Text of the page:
IN THIS ISSUE...
RESEARCH & LAND MANAGEMENT
- Quail Hatch — Good Hunting Numbers
- Fire Effects on Coastal Marsh Bird Species
- New study – What plants return when fire is re-introduced?
- Fire Science Co-production Workshop
- Scientifically Sowing the Seeds of the Sundial
Fall 2019 | Vol 12 | No 4
New study —
What plants return when fire is re-introduced?
It has long been know that when fire is excluded from fire-dependent pine communities of the southeastern U.S. for more than about a decade, the herbaceous community all but disappears and gives way to woody vegetation. But is it gone forever? It has been casually observed that when prescribed fire is re-introduced into long fire-excluded native pine communities, many native species suddenly appear, seemingly too quickly to be a result of seed dispersal from other native sites. It seems that at least some native plants survive either as root stock or seeds in the soil, but this phenomenon of plant community re-emergence has hardly been studied in pine communities.
This fall the Fire Ecology Program began a study to quantify re-emergence of native plants upon re-introduction of fire to long fire-excluded native pine communities. Our approach has been to find such locations where prescribed fire is planned in the near future, set up pre-fire plots and census the vegetation, collect soil samples and try and germinate any seeds that are still viable, and then wait for fire to begin systematically observing the results. When new plants are found, we plan to excavate a subsample of them to determine whether they re-sprouted from surviving root stock or else appear to have germinated from seeds.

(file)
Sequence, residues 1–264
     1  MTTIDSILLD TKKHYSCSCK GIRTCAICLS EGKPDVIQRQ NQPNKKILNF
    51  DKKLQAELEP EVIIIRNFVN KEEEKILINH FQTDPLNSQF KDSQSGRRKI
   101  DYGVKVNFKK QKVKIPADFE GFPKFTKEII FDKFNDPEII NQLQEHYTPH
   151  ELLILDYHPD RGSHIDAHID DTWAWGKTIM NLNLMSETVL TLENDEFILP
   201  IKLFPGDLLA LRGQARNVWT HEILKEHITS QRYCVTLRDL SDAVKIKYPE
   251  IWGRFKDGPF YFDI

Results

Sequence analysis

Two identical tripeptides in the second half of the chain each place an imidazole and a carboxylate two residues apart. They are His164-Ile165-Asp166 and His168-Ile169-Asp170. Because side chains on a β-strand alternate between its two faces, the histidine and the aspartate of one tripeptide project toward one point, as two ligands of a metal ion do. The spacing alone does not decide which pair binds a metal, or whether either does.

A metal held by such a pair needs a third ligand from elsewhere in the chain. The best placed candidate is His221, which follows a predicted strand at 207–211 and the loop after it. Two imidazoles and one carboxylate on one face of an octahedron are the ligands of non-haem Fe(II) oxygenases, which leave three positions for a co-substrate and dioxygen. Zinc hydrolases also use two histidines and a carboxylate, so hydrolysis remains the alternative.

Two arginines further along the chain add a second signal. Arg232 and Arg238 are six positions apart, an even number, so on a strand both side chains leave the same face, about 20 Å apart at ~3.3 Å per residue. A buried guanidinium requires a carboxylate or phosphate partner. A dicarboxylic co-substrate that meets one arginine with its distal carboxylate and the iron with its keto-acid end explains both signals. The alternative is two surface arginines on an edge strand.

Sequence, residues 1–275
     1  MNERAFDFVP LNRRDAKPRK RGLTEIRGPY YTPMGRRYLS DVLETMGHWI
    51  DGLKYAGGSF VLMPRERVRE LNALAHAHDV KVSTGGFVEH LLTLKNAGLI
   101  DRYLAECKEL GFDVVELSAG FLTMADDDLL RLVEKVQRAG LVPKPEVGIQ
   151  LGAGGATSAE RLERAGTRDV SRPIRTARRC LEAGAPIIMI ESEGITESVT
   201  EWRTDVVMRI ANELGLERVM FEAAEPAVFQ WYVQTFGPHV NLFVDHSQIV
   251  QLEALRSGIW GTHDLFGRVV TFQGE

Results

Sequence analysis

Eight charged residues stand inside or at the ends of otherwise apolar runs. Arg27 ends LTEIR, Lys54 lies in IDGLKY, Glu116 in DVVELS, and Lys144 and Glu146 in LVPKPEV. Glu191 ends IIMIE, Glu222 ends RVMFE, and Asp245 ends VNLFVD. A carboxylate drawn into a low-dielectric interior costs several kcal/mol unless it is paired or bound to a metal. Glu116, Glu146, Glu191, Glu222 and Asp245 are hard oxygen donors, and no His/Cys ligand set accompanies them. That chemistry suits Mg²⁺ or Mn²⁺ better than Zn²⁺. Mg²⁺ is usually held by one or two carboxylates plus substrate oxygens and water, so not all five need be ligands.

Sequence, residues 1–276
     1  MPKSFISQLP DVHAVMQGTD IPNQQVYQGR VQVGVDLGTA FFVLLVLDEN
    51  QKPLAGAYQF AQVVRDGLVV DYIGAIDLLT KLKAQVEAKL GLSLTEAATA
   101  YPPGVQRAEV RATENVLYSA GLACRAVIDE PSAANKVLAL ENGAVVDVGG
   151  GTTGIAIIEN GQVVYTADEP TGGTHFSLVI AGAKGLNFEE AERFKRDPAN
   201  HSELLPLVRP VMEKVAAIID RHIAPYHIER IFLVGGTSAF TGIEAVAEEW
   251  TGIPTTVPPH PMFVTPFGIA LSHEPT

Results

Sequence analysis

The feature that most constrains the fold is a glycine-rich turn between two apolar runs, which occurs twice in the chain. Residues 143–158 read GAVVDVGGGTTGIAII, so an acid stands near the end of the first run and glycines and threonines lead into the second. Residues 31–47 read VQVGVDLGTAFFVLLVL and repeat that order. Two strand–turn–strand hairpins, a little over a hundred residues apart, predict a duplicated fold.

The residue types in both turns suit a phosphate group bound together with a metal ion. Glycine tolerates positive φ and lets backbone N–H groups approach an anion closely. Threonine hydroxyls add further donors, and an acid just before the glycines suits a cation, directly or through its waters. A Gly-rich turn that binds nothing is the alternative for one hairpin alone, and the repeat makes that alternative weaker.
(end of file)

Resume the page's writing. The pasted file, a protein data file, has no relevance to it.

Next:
So far we have established plots in pine flatwoods of the St. Joseph Buffer Preserve, Plank Road State Forest, and the Florida State University Coastal and Marine Laboratory, pine sandhills of Natural Bridge State Park and Ordway-Swisher Biological Station, and a mountain longleaf site near Weogufka, Alabama. We expect that the results of the study will reveal that, even if native pine communities have been fire-excluded for decades, there may be more to their biodiversity than meets the eye, and it may not be too late to bring back with fire.